Ask Your Question
1

several cartesian products

asked 2013-06-13 23:10:48 -0500

emiliocba gravatar image

Hi,

I want to construct, given $m$ and $q$, the list of all vectors $v=(a_1,\dots,a_m)$ such that $0\leq a_1\leq \dots \leq a_m < q$. I tried to use "CartesianProducts" but I don't known how to iterate it $m$-times.

Thanks.-.

edit retag flag offensive close merge delete

4 answers

Sort by ยป oldest newest most voted
1

answered 2013-06-13 23:37:17 -0500

tmonteil gravatar image

updated 2013-06-13 23:43:54 -0500

You can create a list of m iterators and then call cartesian_product_iterator() on it:

sage: multicart = lambda m,q : cartesian_product_iterator([xrange(q+1) for i in range(m)])
sage: list(multicart(3,2))
[(0, 0, 0),
 (0, 0, 1),
 (0, 0, 2),
 (0, 1, 0),
 (0, 1, 1),
 (0, 1, 2),
 (0, 2, 0),
 (0, 2, 1),
 (0, 2, 2),
 (1, 0, 0),
 (1, 0, 1),
 (1, 0, 2),
 (1, 1, 0),
 (1, 1, 1),
 (1, 1, 2),
 (1, 2, 0),
 (1, 2, 1),
 (1, 2, 2),
 (2, 0, 0),
 (2, 0, 1),
 (2, 0, 2),
 (2, 1, 0),
 (2, 1, 1),
 (2, 1, 2),
 (2, 2, 0),
 (2, 2, 1),
 (2, 2, 2)]

You can see this very similar question.

Now, if you want true vectors instead of tuples, you can do:

sage: import itertools
sage: multicartvect = lambda m,q : itertools.imap(vector, cartesian_product_iterator([xrange(q+1) for i in range(m)]))
edit flag offensive delete link more

Comments

Great! Thank you.-.

emiliocba gravatar imageemiliocba ( 2013-06-13 23:54:17 -0500 )edit

Thierry, is it possible that using a filter on `IntegerVector` might work as well?

kcrisman gravatar imagekcrisman ( 2013-06-14 02:56:07 -0500 )edit

Not enough space, see my answer below (by the way, is it possible to allow more characters in comments ?).

tmonteil gravatar imagetmonteil ( 2013-06-15 05:02:38 -0500 )edit
2

answered 2013-06-15 23:59:00 -0500

tmonteil gravatar image

updated 2013-06-16 11:35:10 -0500

Thanks to @vdelecroix, i realize that i answered the question about iterating cartesian product and provide all vectors $v=(a_1, \dots, a_m)$ with such that $0 \leq a_i < q$, but not the first question with the condition $0\leq a_1\leq \dots \leq a_m < q$.

Of course, we can filter the previous results and throw away the vectors not satisfying the additional condition, but a lot of computation will be done for nothing (especially when m increases). But we can be faster by noticing that a non-decreasing sequence is the integral (partial sums) of a non-negative sequence. Hence, the non-negative (m+1)-tuples that sum to q are in one-to-one correspondence with the non-decreasing m-tuples whose last element is less or equal than q (in one direction, do the partial sum, in the other direction, do the first differences). So, we got a link with the IntegerVectors suggested by @kcrisman:

def integrate_but_last(L):
    LL = []
    s = 0
    for i in  L[:-1]:
        s += i
        LL.append(s)
    return LL

multicartnondecreasing = lambda m,q : (integrate_but_last(L) for L in IntegerVectors(q-1,m+1))

sage: list(multicartnondecreasing(4,3))
[[2, 2, 2, 2],
 [1, 2, 2, 2],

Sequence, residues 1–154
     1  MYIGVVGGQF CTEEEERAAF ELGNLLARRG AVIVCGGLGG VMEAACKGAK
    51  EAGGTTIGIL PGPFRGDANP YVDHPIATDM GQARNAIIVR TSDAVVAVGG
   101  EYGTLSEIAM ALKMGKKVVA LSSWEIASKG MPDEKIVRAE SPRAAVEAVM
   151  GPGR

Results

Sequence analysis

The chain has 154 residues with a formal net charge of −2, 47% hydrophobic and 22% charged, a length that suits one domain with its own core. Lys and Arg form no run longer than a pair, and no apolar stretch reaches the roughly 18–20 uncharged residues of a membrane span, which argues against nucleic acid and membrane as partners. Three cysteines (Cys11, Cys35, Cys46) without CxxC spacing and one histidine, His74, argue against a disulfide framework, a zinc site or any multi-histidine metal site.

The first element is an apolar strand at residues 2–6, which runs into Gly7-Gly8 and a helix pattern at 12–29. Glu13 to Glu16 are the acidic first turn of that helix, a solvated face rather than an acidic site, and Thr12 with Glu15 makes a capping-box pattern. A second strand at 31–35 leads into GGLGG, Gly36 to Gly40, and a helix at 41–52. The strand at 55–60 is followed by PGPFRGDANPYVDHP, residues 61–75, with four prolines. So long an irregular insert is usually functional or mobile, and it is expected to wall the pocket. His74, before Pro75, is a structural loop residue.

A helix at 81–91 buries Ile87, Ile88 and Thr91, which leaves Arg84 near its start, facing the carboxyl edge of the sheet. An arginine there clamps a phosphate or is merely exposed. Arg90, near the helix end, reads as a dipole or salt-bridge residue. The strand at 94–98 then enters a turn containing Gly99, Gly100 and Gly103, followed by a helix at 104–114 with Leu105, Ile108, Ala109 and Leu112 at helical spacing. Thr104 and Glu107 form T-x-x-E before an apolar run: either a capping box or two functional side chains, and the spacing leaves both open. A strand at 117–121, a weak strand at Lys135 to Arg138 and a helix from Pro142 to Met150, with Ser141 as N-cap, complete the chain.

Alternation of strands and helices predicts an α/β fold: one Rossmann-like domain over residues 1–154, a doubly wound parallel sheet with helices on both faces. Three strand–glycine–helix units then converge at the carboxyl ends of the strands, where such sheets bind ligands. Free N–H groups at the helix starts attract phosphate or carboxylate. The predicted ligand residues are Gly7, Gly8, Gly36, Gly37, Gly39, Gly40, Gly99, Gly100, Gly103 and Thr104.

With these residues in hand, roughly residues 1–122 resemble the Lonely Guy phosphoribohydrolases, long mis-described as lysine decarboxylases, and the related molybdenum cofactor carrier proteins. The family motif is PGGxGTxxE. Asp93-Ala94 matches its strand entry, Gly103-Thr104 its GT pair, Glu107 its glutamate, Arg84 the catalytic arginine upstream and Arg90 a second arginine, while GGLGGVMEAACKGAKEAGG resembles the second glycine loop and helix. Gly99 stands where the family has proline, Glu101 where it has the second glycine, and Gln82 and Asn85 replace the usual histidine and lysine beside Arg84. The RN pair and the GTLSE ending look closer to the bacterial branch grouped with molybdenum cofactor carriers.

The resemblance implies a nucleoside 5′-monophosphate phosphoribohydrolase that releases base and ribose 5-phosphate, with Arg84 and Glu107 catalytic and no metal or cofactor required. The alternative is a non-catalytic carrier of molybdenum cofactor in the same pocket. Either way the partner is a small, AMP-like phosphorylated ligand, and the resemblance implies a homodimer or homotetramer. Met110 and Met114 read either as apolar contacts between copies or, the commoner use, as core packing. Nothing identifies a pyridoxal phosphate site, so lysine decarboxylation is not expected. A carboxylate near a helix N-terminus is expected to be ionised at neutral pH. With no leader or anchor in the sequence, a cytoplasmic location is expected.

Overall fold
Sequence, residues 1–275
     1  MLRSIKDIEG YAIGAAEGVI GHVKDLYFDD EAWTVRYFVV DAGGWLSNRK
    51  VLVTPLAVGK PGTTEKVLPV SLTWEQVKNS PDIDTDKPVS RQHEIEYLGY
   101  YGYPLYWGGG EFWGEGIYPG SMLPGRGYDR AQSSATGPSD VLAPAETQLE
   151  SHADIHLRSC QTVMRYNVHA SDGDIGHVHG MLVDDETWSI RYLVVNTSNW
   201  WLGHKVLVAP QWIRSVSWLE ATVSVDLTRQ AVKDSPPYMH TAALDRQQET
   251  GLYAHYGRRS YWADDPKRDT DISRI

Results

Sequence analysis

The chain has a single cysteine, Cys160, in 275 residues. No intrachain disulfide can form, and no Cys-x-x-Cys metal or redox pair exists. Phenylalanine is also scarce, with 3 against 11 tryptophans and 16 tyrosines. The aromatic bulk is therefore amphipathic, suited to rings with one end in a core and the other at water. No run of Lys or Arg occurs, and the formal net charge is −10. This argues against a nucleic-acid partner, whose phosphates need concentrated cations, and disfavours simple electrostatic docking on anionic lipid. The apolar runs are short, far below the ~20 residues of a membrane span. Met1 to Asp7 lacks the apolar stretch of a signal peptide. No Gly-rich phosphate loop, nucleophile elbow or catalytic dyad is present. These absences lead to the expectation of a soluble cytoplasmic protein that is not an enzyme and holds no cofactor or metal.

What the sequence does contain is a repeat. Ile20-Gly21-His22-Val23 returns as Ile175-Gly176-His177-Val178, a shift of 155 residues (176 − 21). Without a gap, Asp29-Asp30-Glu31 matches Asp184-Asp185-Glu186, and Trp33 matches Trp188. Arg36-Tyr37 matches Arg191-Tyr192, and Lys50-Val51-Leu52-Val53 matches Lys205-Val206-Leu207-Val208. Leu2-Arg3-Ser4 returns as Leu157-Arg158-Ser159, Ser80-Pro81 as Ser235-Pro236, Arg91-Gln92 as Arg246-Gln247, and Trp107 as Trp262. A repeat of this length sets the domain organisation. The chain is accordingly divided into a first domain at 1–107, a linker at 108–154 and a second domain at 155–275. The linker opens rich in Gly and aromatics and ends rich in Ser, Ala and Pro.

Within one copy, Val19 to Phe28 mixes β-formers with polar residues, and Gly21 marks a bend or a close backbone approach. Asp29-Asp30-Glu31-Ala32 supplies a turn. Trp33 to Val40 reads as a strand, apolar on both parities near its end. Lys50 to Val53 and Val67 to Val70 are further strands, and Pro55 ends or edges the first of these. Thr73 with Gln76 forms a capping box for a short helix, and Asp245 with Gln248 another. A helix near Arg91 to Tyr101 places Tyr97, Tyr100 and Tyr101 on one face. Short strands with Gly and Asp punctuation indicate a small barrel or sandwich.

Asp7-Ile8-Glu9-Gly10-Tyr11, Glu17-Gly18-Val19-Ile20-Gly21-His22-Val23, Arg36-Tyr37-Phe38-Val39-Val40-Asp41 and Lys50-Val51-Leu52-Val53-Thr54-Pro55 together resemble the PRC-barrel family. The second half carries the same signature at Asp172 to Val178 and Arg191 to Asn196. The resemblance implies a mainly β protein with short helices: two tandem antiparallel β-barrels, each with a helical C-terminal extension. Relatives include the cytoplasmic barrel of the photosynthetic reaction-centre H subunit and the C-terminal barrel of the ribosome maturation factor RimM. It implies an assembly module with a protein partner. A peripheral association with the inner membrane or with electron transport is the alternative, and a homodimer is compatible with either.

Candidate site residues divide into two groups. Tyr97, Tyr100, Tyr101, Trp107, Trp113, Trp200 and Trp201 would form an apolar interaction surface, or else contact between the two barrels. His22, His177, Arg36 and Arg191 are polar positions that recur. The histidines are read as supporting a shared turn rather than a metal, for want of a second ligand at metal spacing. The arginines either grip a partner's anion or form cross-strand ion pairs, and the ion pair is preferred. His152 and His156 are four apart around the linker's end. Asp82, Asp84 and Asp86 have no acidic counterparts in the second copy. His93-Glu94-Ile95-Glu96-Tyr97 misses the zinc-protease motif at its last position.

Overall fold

[1, 1, 2, 2],
 [1, 1, 1, 2],
 [1, 1, 1, 1],
 [0, 2, 2, 2],
 [0, 1, 2, 2],
 [0, 1, 1, 2],
 [0, 1, 1, 1],
 [0, 0, 2, 2],
 [0, 0, 1, 2],
 [0, 0, 1, 1],
 [0, 0, 0, 2],
 [0, 0, 0, 1],
 [0, 0, 0, 0]]
edit flag offensive delete link more
1

answered 2013-06-15 22:12:48 -0500

updated 2013-06-15 22:13:27 -0500

Note that in the answers of tmonteil you do not have the condition $a_1 \leq a_2 \leq \ldots \leq a_m$. To do so, you may use the very flexible IntegerListsLex as in

sage: V = IntegerListsLex(5, floor=lambda x: 1, min_slope=0)
sage: list(V)
[[5], [2, 3], [1, 4], [1, 2, 2], [1, 1, 3], [1, 1, 1, 2], [1, 1, 1, 1, 1]]

the argument floor specifies the lower bound for the element of the list, and the slope is the difference between two consecutive elemtns of the list. In particular, for increasing sequence you may use

sage: V = IntegerListsLex(7, floor=lambda x: 1, min_slope=1)
sage: list(V)
[[7], [3, 4], [2, 5], [1, 6], [1, 2, 4]]

But note that with that solution you need to specify the sum of the elements.

edit flag offensive delete link more
0

answered 2013-06-15 05:09:32 -0500

tmonteil gravatar image

updated 2013-06-15 05:12:30 -0500

(answer to a previous comment by @kcrisman)

Well, using IntegerVectors is not straightforward since, when we want to use IntegerVectors as a tool to generate vectors, it seems that we need to specify the sum of the components, hence we have to chain all possible sums (from 0 to n*q):

sage: import itertools
sage: multicartvectint = lambda n,q : itertools.chain.from_iterable([IntegerVectors(i,n,max_part=q) for i in range(n*q+1)])

This works as well (the ordering will be different), but seems slower than using cartesian_product_iterator():

sage: timeit('list(multicartvectint(5,5))')                                                                                
5 loops, best of 3: 3.14 s per loop
sage: timeit('list(multicartvect(5,5))')   
5 loops, best of 3: 1.15 s per loop

sage: timeit('list(multicartvectint(6,6))')
5 loops, best of 3: 46.5 s per loop
sage: timeit('list(multicartvect(6,6))')   
5 loops, best of 3: 18.3 s per loop
edit flag offensive delete link more

Your Answer

Please start posting anonymously - your entry will be published after you log in or create a new account.

Add Answer

Question Tools

Stats

Asked: 2013-06-13 23:10:48 -0500

Seen: 275 times

Last updated: Jun 16 '13